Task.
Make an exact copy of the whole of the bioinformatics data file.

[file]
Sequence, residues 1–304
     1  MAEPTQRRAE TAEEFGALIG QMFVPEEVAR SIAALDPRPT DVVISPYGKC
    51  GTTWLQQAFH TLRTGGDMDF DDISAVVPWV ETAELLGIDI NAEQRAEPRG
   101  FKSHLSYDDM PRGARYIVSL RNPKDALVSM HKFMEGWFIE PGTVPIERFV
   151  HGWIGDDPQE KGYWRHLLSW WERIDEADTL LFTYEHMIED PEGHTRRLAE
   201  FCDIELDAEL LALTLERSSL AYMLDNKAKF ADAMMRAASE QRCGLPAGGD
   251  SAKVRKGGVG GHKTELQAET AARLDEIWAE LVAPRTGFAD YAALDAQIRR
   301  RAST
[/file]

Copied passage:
Sequence, residues 1–304
     1  MAEPTQRRAE TAEEFGALIG QMFVPEEVAR SIAALDPRPT DVVISPYGKC
    51  GTTWLQQAFH TLRTGGDMDF DDISAVVPWV ETAELLGIDI NAEQRAEPRG
   101  FKSHLSYDDM PRGARYIVSL RNPKDALVSM HKFMEGWFIE PGTVPIERFV
   151  HGWIGDDPQE KGYWRHLLSW WERIDEADTL LFTYEHMIED PEGHTRRLAE
   201  FCDIELDAEL LALTLERSSL AYMLDNKAKF ADAMMRAASE QRCGLPAGGD
   251  SAKVRKGGVG GHKTELQAET AARLDEIWAE LVAPRTGFAD YAALDAQIRR
   301  RAST